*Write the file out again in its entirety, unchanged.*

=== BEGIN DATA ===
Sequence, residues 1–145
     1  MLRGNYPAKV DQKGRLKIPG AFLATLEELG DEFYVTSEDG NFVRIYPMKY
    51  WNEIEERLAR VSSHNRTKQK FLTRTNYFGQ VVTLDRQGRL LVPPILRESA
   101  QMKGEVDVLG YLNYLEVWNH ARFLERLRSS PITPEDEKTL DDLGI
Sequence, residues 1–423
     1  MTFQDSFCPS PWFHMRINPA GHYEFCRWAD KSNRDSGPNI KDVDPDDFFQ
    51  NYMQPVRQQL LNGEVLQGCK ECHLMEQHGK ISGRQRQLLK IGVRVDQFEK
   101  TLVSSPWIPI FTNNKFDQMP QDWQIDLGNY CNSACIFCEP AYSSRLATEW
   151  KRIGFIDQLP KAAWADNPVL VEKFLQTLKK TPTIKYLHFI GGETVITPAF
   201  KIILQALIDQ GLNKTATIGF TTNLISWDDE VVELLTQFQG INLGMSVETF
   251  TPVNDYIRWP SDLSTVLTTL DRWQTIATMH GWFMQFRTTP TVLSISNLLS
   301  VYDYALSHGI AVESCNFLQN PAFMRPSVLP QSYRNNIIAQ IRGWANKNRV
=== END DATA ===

Sequence, residues 1–145
     1  MLRGNYPAKV DQKGRLKIPG AFLATLEELG DEFYVTSEDG NFVRIYPMKY
    51  WNEIEERLAR VSSHNRTKQK FLTRTNYFGQ VVTLDRQGRL LVPPILRESA
   101  QMKGEVDVLG YLNYLEVWNH ARFLERLRSS PITPEDEKTL DDLGI
Sequence, residues 1–423
     1  MTFQDSFCPS PWFHMRINPA GHYEFCRWAD KSNRDSGPNI KDVDPDDFFQ
    51  NYMQPVRQQL LNGEVLQGCK ECHLMEQHGK ISGRQRQLLK IGVRVDQFEK
   101  TLVSSPWIPI FTNNKFDQMP QDWQIDLGNY CNSACIFCEP AYSSRLATEW
   151  KRIGFIDQLP KAAWADNPVL VEKFLQTLKK TPTIKYLHFI GGETVITPAF
   201  KIILQALIDQ GLNKTATIGF TTNLISWDDE VVELLTQFQG INLGMSVETF
   251  TPVNDYIRWP SDLSTVLTTL DRWQTIATMH GWFMQFRTTP TVLSISNLLS
   301  VYDYALSHGI AVESCNFLQN PAFMRPSVLP QSYRNNIIAQ IRGWANKNRV